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Judge Puts Gag Order on Stone Case 02/16 10:44
WASHINGTON (AP) -- A federal judge on Friday placed some limits on what
President Donald Trump's longtime confidant Roger Stone and his lawyers can say
publicly about his criminal case in the special counsel's Russia probe.
But U.S. District Judge Amy Berman Jackson stopped short of imposing a broad
ban on public comments by the outspoken political operative, issuing a limited
gag order she said was necessary to ensure Stone's right to a fair trial and
"to maintain the dignity and seriousness of the courthouse and these
The order bars Stone from commenting about his pending case near the
courthouse, but it does not constrain him from making other public statements
about the prosecution. It does generally bar his lawyers, prosecutors and
witnesses from making public comments that could "pose a substantial
likelihood" of prejudicing potential jurors.
Jackson's order comes after a string of media appearances by the
attention-seeking political consultant since his indictment and arrest last
month. In several of those interviews, Stone had blasted special counsel Robert
Mueller's investigation into Russian election interference as politically
motivated and criticized his case as involving only "process crimes."
Jackson had cited those media appearances in raising the prospect of a gag
order, warning Stone at a hearing not to treat his case like a "book tour."
Stone's lawyers had argued that any limits on his public comments would
infringe on his First Amendment right to free speech. They wrote in a filing
last week that Stone's comments wouldn't merit a "clear and present danger to a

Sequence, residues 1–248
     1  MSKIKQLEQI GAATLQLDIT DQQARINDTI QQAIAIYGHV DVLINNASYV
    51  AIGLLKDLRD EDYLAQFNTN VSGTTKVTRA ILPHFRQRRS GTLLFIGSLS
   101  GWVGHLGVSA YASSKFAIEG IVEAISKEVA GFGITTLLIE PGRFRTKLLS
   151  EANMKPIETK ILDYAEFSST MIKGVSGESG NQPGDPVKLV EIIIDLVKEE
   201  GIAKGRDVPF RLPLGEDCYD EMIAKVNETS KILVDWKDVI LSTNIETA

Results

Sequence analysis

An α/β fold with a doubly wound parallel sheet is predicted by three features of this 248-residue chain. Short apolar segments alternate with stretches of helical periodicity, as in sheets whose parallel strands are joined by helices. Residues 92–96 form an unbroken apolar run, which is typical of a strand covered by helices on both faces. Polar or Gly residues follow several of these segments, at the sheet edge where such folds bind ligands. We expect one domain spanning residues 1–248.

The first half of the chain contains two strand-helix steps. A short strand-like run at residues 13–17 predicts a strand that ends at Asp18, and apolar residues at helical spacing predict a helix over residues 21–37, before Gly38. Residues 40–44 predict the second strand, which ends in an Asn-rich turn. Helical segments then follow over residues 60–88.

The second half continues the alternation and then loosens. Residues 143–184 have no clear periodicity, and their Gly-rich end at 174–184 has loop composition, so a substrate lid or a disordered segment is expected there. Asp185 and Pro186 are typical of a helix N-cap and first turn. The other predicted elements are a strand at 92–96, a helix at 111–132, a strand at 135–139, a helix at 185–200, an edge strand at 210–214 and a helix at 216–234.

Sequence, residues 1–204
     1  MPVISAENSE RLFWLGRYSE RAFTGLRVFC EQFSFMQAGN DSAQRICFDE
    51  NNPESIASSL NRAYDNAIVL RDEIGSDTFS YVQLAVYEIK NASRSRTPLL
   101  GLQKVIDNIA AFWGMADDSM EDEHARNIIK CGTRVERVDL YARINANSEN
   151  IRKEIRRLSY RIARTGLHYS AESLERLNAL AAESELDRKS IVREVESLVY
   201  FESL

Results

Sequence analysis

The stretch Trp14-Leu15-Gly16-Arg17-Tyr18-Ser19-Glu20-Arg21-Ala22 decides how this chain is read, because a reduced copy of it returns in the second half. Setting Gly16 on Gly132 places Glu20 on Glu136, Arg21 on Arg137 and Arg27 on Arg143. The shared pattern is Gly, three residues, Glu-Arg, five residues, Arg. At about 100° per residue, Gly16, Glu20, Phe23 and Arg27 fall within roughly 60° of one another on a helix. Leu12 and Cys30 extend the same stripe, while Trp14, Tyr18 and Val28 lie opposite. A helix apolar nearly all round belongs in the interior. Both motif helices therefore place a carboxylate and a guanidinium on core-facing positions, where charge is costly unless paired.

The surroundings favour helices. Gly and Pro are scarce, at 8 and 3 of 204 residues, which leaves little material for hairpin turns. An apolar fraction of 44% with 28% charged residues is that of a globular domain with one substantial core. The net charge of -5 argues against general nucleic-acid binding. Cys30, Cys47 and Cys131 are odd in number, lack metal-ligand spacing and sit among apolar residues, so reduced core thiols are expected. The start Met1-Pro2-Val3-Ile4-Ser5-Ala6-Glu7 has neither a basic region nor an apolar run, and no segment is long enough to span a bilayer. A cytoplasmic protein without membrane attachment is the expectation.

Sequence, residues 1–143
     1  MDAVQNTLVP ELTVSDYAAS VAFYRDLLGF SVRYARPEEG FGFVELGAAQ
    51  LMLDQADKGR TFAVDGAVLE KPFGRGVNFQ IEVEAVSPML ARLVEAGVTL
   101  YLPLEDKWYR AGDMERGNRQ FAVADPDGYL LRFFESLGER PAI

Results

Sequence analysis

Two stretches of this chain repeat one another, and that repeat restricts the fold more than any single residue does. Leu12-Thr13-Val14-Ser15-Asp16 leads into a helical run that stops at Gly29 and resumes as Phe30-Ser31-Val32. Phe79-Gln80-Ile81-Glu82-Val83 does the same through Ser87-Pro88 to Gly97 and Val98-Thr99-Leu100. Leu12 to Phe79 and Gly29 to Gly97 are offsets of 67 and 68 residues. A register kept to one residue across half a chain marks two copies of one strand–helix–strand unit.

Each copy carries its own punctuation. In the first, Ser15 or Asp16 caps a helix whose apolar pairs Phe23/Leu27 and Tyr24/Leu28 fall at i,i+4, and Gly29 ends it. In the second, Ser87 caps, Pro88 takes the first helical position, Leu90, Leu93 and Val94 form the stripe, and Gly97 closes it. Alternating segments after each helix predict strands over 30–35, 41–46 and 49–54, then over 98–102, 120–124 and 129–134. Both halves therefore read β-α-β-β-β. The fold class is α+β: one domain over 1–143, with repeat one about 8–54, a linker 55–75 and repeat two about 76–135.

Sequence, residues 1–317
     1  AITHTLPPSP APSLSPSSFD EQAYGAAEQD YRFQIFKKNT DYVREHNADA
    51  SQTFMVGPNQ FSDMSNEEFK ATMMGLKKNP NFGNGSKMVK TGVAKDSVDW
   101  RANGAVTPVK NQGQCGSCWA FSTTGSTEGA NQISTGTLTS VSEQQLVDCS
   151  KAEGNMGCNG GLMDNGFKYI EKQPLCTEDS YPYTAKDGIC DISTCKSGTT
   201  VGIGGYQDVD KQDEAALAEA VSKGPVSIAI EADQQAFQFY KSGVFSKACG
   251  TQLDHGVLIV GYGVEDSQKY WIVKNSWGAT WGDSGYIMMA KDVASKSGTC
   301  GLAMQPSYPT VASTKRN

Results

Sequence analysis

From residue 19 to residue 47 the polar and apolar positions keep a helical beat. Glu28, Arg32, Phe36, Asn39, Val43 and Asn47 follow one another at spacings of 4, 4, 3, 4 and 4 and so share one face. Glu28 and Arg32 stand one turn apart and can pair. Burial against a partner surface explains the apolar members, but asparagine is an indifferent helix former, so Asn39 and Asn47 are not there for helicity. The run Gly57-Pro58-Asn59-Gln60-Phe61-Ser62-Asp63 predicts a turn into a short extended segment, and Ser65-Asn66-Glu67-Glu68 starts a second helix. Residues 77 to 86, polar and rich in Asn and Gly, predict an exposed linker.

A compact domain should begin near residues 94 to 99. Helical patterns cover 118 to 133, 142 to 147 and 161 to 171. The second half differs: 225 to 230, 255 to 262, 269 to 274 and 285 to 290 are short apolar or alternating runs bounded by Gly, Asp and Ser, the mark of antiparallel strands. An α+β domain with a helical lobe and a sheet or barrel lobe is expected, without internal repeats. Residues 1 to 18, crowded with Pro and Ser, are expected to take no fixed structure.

fair trial." Mueller's prosecutors didn't oppose a gag order.
In her order, Jackson said she considered not only the potential impact of
public comments on jurors but also the need to maintain order at the federal
courthouse in Washington.
Citing the "size and vociferousness" of crowds already attracted to Stone's
court proceedings, Jackson barred Stone, lawyers and witnesses from making any
statements to the news media while entering and exiting the courthouse.
Jackson left open the possibility that she could amend the order in the
future and reminded Stone that he is not permitted to contact any witnesses in
the case. She also said if Stone complained about pretrial publicity at a later
date, she would consider whether he had brought it on himself.
The 66-year-old Stone was arrested in an FBI raid at his Fort Lauderdale,
Florida, home last month. He has pleaded not guilty to charges of lying to
Congress, obstruction and witness tampering. The charges stem from
conversations he had during the 2016 election about WikiLeaks, the anti-secrecy
group that released material stolen from Democratic groups, including Hillary
U.S. intelligence agencies have said that Russia was the source of the
hacked material, and last year Mueller charged 12 Russian intelligence officers
in the hacking.
Stone is not accused of directly coordinating with WikiLeaks. But Mueller's
team did confirm in a court filing Friday that investigators have evidence of
communication between Stone and WikiLeaks and between Stone and Guccifer 2.0,
who purported to be a Romanian hacker responsible for the intrusions but who
authorities say was actually a front for Russian intelligence.
Mueller did not provide details of the communications, though The Atlantic
last year published what it said were Twitter direct messages between Stone and
WikiLeaks, including one in which WikiLeaks appeared to scold Stone for
suggesting in his public comments an association with the organization.
The messages that have been made public were exchanged after WikiLeaks had
begun releasing the hacked material, and they don't show Stone coordinating
with the anti-secrecy group.
Stone has been outspoken since his arrest, declaring his innocence in a news
conference following his first court appearance in Florida and accusing Mueller
of heavy-handed tactics by having him arrested in a pre-dawn raid.
He's been more muted outside the courthouse in Washington, though he did
hold a hotel news conference --- accompanied by a host from the conspiracy
theory website InfoWars --- in which he said he would respect any gag order
from the judge but also expected to appeal it.
He maintained he had no negative information about the president to share
with Mueller and insisted he hadn't done anything wrong.
"I am not accused of Russian collusion, I am not accused of collaboration
with WikiLeaks, I am not accused of conspiracy," Stone said. "There is no
evidence or accusation that I knew in advance about the source or content of
the WikiLeaks material."